The Australian media is confused enough, but how did the rest of the world explain the Australian federal election which so far has no winner? Like in Australia, the major media narrative focused either on the collapse of the ALP’s popularity in recent months or Tony Abbott’s strength in leading the Liberal Party.

After Saturday’s election, “there are few certainties left in Australian politics,” writes Tim Soutphommasane at The Guardian. But rather than the rise of the Greens or the Liberals comeback, its “Labor’s cannibalism and self-destruction [that] represent the real story of this election” he argues. “The palace coup against Rudd, engineered by factional powerbrokers, reflected a party increasingly dominated by a nihilistic, all-consuming party machine. In political terms, it deprived Labor of its most potent narrative. How could Labor run on the record of Rudd’s economic management when it had deposed him?”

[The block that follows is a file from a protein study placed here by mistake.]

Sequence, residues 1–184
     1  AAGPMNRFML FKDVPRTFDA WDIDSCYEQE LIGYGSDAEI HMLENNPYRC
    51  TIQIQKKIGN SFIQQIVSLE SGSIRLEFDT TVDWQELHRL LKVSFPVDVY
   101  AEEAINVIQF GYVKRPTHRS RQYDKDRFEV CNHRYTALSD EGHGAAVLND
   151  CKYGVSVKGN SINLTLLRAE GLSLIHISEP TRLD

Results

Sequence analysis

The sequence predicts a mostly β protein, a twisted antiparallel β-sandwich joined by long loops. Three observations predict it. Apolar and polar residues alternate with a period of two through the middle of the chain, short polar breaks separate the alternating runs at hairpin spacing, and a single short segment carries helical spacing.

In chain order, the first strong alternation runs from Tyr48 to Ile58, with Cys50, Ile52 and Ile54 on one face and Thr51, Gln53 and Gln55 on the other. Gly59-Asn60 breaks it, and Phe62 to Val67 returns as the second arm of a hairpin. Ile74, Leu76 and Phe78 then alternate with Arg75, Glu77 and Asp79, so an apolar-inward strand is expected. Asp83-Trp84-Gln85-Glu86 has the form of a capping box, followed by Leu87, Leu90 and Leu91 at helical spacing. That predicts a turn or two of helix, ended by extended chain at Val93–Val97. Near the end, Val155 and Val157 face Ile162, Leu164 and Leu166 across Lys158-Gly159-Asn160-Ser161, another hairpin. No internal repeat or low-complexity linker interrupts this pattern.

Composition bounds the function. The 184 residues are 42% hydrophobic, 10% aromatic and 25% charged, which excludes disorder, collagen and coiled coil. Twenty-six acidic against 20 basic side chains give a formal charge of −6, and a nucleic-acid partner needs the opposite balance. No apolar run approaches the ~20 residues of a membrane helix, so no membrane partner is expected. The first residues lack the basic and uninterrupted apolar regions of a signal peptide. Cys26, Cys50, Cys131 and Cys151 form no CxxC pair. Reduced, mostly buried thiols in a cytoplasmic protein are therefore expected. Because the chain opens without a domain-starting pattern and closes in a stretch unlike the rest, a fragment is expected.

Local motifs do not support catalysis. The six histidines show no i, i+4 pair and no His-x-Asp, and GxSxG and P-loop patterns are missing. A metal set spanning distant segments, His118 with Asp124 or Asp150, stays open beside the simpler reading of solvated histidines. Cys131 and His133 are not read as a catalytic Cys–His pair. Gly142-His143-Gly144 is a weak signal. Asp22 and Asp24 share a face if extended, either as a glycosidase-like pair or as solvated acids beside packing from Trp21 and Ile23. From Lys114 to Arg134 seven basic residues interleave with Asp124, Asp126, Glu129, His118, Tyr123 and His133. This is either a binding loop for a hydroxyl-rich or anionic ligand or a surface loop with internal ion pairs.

Meriah Foley agreed in the New York Times; it wasn’t so much a win for Abbott as a loss for Gillard:

“Ms. Gillard’s campaign has been marred by internal party bickering and a lingering sense of resentment among some voters — particularly in Mr. Rudd’s home state of Queensland — over the former leader’s abrupt removal… Yet despite claiming credit for keeping Australia out of recession during the global financial crisis, Labor has come under sustained criticism in recent months for its decision not to press forward with its cap-and-trade plan for carbon emissions and a battle with the powerful resources sector over a proposed tax on iron ore, coal and other commodities that form the backbone of Australia’s resource-driven economy.”

The BBC is worried about world markets, with the AUD dropping this morning. But it gave Gillard a fairly decent wrap and said Abbott had “toned down his well-known climate change scepticism”:

“Ms Gillard, a former lawyer who called a snap election shortly after coming to office, is hoping to be rewarded for the government’s handling of the economy, which weathered the global recession remarkably well. Ms Gillard won a leadership race in June but, despite her success, her support has fallen in the two months she has been in office.”